Thursday, September 18, 2014


Waiting...Do you ever feel like you are constantly waiting for something? We wait on the telephone as the cell phone provider puts you on hold. We wait endlessly at the post office. We wait for the fix-it guy to show up at our door.  We wait for blood work results from our doctor....We are always waiting for something.
One of my kids recently said to me, "Mom, when is the cease fire going to be over?" I answered, "It is not going to be over, it is a CEASE FIRE, that means that Hamas stopped shooting rockets." My son quickly replied, "Mom, it never lasts always ends." This just broke my heart. I tried to convince my son that this time it is REAL, and we do not have to worry, but he would not budge.  He is waiting for the next rocket, just like we wait for a delivery at the door.
How has this happened?  Our US brethren are now waiting with bated breath for the news about the new developments against ISIS. And, we in Israel wonder what the ramifications will be on our soil.  The unknown is such a hard concept to process.  With all of our technology, and know-how...we still cannot predict what the next terror crisis will be, or where it will be committed.  And, thus, we are just waiting...hoping it is not going to be here, or anywhere near loved ones and friends.
Is this a way to live? Have we gone mad?  How can we change ourselves so we are not living this anxiety filled process all of the time? Is this why will fill our lives with facebook messages, whatsapps, instagrams, and more?  Are we trying to avoid the inevitable, or the inconceivable?
John Mayer is so poignant in his song "Waiting for the World to Change." While it was written years ago, it is a perfect take on our world today:
It's not that we don't care
We just know that the fight ain't fair
So, we keep waiting,
Waiting on the world to change.
(Click on the link below to hear the song)
At this time before Rosh Hashana, maybe we need to all make an effort to make the world change.  Somehow, we need to STOP waiting. We need to actively do something different.  There have been moments in our history, when we all joined together and actually made a difference to our society, to our culture, and to our lives.  Now, more than ever, it is time to make the world change.  I think we all need to take some small good deed, and make it our "project." Get others involved in your deed, and actually make a difference in this world. For, this world is not going to change by itself. It is time to stop waiting. It is time to act.
L'Shana Tova! Have a Happy and Healthy New Year! May it be a year of growth, peace, and understanding!

Monday, September 1, 2014

Full Circle

Anyone who is connected to social media networks knows that today is the first day of school in Israel. Over 2,000,000 children started school today in this country.  Parents are thrilled by the new school year's commencement. August is not the easiest of times to entertain children. Many children end up going to work with their parents, and add a special twist to the term "work."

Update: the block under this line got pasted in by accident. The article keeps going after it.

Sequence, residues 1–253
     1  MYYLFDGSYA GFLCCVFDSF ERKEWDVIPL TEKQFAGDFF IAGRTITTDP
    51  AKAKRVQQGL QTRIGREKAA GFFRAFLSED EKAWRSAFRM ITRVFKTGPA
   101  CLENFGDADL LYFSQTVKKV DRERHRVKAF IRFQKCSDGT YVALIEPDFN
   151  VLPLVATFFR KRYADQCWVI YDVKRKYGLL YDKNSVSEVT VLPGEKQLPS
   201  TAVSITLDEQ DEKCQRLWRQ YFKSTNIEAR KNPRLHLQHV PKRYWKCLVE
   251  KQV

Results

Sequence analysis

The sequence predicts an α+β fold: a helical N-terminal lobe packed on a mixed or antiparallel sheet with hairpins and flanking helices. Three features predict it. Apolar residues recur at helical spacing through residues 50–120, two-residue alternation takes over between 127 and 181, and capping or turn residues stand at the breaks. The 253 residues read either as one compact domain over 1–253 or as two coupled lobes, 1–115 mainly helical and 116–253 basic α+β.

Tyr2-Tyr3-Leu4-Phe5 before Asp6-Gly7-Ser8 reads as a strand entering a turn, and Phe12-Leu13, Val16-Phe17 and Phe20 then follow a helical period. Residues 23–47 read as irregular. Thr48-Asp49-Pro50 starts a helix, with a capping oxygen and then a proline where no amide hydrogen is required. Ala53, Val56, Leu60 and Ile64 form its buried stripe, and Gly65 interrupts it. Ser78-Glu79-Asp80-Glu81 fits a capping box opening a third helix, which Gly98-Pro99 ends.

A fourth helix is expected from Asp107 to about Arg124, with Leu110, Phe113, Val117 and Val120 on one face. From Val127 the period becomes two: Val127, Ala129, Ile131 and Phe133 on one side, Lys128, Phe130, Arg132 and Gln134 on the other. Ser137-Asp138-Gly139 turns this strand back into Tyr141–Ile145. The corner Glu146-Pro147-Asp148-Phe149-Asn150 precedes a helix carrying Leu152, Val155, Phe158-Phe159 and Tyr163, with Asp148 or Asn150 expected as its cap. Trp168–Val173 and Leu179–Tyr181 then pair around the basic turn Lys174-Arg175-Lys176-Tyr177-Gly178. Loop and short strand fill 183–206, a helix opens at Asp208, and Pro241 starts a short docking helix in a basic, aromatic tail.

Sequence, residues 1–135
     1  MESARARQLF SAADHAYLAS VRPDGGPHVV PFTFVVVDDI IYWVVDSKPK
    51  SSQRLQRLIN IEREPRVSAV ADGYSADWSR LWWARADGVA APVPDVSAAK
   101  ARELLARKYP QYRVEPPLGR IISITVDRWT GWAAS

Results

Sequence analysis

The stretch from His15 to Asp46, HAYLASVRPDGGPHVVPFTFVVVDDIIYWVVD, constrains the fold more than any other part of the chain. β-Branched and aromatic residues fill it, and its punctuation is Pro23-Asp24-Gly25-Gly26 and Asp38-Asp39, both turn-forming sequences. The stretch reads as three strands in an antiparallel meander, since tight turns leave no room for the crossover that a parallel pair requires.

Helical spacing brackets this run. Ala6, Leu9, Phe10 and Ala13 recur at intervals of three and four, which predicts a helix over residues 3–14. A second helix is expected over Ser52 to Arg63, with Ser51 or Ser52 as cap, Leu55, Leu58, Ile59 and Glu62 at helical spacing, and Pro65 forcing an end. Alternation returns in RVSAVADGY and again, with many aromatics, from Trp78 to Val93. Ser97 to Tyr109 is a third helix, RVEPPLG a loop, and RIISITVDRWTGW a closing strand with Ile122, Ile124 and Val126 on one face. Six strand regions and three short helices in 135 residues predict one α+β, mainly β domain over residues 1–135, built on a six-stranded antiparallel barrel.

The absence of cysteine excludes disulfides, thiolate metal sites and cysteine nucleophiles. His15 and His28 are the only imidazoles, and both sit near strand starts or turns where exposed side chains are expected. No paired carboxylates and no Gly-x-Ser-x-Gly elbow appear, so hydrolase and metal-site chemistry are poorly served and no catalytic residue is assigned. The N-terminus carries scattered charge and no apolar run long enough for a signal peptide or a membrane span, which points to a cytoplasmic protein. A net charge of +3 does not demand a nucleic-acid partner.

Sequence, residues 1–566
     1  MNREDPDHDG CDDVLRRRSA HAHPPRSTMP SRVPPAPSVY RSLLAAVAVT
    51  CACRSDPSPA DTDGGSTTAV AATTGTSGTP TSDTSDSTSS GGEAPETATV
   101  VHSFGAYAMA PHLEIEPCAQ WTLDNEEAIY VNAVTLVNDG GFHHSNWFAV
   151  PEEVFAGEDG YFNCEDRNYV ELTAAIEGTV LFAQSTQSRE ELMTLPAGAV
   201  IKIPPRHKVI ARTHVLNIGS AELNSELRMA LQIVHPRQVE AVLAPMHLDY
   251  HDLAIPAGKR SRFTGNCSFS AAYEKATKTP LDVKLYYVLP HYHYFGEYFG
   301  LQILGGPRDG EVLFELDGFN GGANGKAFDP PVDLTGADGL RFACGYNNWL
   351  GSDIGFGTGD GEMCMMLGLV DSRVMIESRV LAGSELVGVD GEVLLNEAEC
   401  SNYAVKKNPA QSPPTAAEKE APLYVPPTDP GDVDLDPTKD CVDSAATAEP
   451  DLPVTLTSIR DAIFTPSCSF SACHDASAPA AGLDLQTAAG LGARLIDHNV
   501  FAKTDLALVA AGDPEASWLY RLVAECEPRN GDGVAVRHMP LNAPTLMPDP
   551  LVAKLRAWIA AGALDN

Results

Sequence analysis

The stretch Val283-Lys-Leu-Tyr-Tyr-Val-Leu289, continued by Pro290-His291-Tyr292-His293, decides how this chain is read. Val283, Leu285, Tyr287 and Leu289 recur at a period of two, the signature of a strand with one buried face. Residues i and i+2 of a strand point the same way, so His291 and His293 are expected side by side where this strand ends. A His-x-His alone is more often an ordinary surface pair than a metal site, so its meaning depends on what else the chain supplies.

Yesterday began my family's procession towards school. My recent High School grad began her first day at a midrasha (women's seminary) called Midreshet Lindenbaum.  The premise of this midrasha is that the girls learn for a year, and then they choose a particular area of the army in which they will attend with other girls from the midrasha.  Together, they will give each other strength religiously, as they give their national service time to the IDF.
My daughter proudly took me throughout the school, on a tour of the Beit Midrash , the library, and the dorms.  It felt like a mini-college of sorts.  I had sudden flashbacks to my first days of seminary, and college.  And, then it hit me, I realized that my first born is actually on her own this year...beginning a new journey of learning new texts, meeting new people, and living away from home.
As I kissed her, and hugged her before I left, I began to cry.  "I am so proud of you honey, I am so, so proud of you!" I said, as the tears flowed.  And, I truly daughter chose this path for herself. She could have gone to many other National Service options, but she chose this wonderful bastion of learning so she could strengthen herself before she gives back to the country via the IDF.
I slowly walked myself to the car, and cried a bit, and then I had a flashback.  When we were first married, we subscribed to the Jerusalem Report magazine. It is a publication from the Jerusalem Post that has various newsworthy articles about Israel, and its environs.  Reading the magazine helped us keep tabs on the pulse of Israel, and it was very helpful to keep our Zionist spark alive.
One day, when we received the magazine, I noticed an ad, it was an ad for donations to a seminary that prepares women for the army.  I looked at the pictures of random young female soldiers, smiling out at the readers, and I thought "Wow! This is incredible!" As I scrolled down the page, I realized it was Midreshet Lindenbaum, a product of Ohr Torah Stone (Rabbi Riskin's yeshiva in Efrat).  I remember, wondering to myself...will our children ever be able to do that? I showed the picture to my husband, and we contemplated the possibility, which seemed so far away....
And, now, our first-born daughter, Carmi is fulfilling the dream of so long ago. Now, she is attending that very seminary from the ad I saw so long ago. Our lives have come full-circle.  She is essentially living the dream we barely imagined possible.  Right before our very eyes, she is making the ultimate Torah, and to Israel.  I pray that she has a meaningful year, and that she is prepared for whatever the IDF has in store for her.
Carmi Blacher and a friend at the Midreshet Lindenbaum Bet Midrash